President Bush and Jordan's King Abdullah are supporting efforts by Palestinian leader Mahmoud Abbas to broker a ceasefire between Palestinian militants and Israel. President Bush and King Abdullah met at the White House where they discussed prospects for peace in the Middle East.
President Bush says progress is being made in the search for a lasting peace between Israelis and Palestinians, and he is continuing to urge both sides to make the sacrifices he says are necessary to end the violence: "Israel must withdraw from the settlements. There must be contiguous territory into which a Palestinian state can grow. The Palestinians for their part must continue to work hard to fight any terrorist activities within the territories, and the Arab world must continue to work together to help Palestine build the necessary structures for democracy."
Egyptian and Palestinian officials Tuesday met in Cairo with leaders of Palestinian militant groups in hopes of reaching agreement on a comprehensive ceasefire with Israel. Militants are considering a proposal by Palestinian leader Mahmoud Abbas for a one-year truce.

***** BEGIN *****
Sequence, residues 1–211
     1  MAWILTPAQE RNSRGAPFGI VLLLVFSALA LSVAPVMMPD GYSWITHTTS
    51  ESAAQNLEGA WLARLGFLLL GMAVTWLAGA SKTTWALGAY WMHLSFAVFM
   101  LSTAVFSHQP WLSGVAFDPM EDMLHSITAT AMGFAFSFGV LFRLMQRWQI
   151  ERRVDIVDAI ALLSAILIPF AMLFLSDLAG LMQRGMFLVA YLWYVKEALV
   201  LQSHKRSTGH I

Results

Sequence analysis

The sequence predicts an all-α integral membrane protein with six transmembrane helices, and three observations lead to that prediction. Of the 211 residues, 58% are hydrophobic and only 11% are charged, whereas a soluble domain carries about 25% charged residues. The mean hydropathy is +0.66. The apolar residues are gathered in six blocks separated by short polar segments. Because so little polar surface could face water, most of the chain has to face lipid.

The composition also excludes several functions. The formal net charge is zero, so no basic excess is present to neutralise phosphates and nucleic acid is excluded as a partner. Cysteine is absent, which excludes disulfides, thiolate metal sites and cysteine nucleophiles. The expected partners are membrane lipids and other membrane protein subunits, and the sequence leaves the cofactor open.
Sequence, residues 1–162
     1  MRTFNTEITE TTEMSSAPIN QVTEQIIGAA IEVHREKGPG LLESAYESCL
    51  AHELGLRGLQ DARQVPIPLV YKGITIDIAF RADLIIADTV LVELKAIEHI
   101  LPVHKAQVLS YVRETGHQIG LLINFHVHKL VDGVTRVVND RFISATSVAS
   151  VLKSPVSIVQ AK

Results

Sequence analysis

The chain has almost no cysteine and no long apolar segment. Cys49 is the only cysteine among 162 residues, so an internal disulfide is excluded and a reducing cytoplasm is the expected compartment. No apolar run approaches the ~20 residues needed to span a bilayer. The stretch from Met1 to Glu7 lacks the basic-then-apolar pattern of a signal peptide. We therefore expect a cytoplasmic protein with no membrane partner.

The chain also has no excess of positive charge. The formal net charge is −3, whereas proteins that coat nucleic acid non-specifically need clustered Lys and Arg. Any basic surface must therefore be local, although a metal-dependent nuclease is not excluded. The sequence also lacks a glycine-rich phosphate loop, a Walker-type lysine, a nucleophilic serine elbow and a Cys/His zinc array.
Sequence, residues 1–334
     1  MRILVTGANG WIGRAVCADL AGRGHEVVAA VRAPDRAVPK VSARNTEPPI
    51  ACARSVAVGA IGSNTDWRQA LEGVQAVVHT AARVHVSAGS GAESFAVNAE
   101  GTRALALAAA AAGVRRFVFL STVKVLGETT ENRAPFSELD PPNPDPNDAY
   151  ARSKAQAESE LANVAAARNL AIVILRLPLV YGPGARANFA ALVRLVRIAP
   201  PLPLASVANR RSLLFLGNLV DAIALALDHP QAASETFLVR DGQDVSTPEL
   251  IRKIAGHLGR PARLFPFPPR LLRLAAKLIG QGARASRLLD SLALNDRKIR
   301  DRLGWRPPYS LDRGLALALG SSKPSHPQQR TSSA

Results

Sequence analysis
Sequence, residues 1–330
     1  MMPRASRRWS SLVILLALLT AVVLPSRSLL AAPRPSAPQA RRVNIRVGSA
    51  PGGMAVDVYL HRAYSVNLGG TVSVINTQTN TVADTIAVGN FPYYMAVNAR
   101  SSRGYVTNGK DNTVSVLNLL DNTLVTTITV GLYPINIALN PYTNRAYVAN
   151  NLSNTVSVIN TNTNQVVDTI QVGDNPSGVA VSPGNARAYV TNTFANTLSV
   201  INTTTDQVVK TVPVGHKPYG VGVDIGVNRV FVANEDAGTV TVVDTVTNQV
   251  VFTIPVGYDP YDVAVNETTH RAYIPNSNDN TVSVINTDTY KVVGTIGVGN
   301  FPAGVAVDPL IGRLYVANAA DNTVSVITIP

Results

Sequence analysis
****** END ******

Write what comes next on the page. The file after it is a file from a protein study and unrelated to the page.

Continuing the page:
Some delegates to the talks say that would require more concessions from Israel, including promises to stop the targeted killings of militant leaders. Israel says a ceasefire must include action by Palestinian authorities to disarm and dismantle those militant groups.
Speaking to reporters following his meeting with the Jordanian King, President Bush says the United States is helping Palestinian Authority President Abbas reform his security services to stop that violence: "I believe President Abbas is desirous of developing a state that will live side-by-side with Israel in peace, and we recognize that the Palestinians need help in consolidating security forces and training security forces to defeat the terrorists who would like to stop the march of freedom."
King Abdullah says he believes the Palestinian leader is serious about ending terrorism: "I'm very supportive of President Abbas. I think he is a man of his word and I think you will see him give one-hundred-and-ten-percent to deal with the security issues and to push the process forward. I truly believe that in this man, Prime Minister Sharon has a partner for peace and I am very optimistic that between the two leaders the process will go forward and go forward positively."
The Bush administration is pushing both Israel and the Palestinian Authority to continue working toward a peace plan drawn up by the United States, the United Nations, Russia, and the European Union. The so-called road map to peace is a series of power-sharing deals aimed at establishing an independent Palestinian state.